In a professional environment, its important to communicate clear and precisely. Most time in meeting is spend on clarifying around because some people misunderstood a concept.

This post is about the direction of symbolic links.

Imagine standing at a junction somewhere in rural America. There is a sign pointing eastwards, with “Washington” written on it. Imagine hearing someone saying “Hey, they even signposted Washington to this junction”.

Does this sound weird? Look at this:

Either by symlinking any other shell to /bin/bash or by installing bash

They meant, “Create a symlink /bin/bash pointing to another shell or install bash”.

Yeah, but everyone knows whats meant, right? Watch people trying to talk about cascaded symlinks. Its a hilarious dumpster fire of misunderstandings because half of people dont grok how references work.

$ touch a
$ ln -s a b
$ ls -la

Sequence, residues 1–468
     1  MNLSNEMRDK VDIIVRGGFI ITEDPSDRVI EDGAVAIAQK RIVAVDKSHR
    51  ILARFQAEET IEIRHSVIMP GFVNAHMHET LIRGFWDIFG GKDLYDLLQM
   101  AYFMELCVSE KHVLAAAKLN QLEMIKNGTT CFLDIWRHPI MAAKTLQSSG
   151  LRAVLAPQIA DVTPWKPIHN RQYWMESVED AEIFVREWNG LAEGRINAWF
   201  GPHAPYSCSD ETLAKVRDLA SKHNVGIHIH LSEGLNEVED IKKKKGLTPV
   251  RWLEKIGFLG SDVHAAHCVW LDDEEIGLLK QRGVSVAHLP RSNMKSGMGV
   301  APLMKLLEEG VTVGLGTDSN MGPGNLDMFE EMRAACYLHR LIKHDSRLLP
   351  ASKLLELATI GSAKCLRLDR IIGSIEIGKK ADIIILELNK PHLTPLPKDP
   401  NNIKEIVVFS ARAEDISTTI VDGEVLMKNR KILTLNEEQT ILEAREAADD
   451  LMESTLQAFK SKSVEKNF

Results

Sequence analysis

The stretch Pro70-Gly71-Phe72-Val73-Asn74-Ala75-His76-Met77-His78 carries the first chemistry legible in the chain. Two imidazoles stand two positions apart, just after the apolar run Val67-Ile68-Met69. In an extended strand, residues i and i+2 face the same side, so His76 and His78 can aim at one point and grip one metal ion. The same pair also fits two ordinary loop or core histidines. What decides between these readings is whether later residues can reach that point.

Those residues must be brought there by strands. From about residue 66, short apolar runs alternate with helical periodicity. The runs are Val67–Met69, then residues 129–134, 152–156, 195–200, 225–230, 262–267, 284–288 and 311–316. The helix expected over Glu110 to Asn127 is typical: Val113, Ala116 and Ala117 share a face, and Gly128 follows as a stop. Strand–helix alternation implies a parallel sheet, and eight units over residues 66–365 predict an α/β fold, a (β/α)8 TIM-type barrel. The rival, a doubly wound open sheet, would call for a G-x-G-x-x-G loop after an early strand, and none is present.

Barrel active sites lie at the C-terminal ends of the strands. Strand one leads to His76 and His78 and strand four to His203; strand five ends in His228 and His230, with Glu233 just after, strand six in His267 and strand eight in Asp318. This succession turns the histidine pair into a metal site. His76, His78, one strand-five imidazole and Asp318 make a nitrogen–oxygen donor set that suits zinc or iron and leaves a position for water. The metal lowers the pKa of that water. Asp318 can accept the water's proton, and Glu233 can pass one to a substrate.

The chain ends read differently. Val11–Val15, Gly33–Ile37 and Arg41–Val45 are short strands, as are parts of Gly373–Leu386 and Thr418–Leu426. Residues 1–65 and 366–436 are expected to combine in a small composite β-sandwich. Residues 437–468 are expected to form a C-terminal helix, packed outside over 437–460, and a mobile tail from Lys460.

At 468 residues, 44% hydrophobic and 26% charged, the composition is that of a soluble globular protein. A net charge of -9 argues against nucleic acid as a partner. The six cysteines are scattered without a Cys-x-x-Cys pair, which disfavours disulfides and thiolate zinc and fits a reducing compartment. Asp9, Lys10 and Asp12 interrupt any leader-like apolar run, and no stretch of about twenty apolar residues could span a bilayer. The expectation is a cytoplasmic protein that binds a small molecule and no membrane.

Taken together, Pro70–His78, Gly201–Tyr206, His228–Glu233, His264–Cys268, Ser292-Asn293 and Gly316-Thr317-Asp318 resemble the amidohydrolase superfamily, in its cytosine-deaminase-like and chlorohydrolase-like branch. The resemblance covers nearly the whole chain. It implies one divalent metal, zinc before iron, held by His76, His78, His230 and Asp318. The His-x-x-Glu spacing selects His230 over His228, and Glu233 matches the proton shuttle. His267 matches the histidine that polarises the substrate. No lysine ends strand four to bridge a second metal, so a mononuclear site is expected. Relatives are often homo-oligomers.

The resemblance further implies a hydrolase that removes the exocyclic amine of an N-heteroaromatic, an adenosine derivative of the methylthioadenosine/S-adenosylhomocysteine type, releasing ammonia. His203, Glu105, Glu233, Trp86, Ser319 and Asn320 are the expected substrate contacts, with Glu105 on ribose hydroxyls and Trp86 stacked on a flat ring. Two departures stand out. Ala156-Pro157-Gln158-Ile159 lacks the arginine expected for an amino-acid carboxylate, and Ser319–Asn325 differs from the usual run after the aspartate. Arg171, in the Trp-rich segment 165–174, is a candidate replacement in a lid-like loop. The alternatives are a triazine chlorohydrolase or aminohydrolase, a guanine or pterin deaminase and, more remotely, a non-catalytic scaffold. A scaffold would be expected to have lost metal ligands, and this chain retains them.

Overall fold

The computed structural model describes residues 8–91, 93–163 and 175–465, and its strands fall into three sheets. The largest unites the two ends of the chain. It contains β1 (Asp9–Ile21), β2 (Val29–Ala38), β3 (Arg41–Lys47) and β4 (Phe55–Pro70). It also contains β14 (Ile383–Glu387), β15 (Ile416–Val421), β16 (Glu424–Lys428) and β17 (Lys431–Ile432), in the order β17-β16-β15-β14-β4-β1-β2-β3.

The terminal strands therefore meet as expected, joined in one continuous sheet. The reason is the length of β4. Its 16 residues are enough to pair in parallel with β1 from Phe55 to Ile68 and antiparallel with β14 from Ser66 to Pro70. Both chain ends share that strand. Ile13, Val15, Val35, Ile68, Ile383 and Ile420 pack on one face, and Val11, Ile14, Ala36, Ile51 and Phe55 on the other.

-rw-r--r-- a
lrwxrwxrwx b -> a

In this case, b is a symlink to a. a is a file and does not care if its being pointed to. Its no problem to create symlinks to non-existant paths:

$ ln -s your_mom_pulls_catapults_to_isengard foo
$ stat foo
File: 'foo' -> 'your_mom_pulls_catapults_to_isengard
$ stat your_mom_pulls_catapults_to_isengard                                                                                
stat: can't stat 'your_mom_pulls_catapults_to_isengard': No such file or directory

Symlinking is a operation on the symlink, and the symlink alone. Its target string is essentially arbitrary.

The helptext of ln illustrates that:

Usage: ln [OPTIONS] TARGET... LINK

You dont go away from targets, right? You go towards them.

I can’t believe how much time i wasted because half of tech people believe the direction of a symlink is the other way around.

How did this even come to be?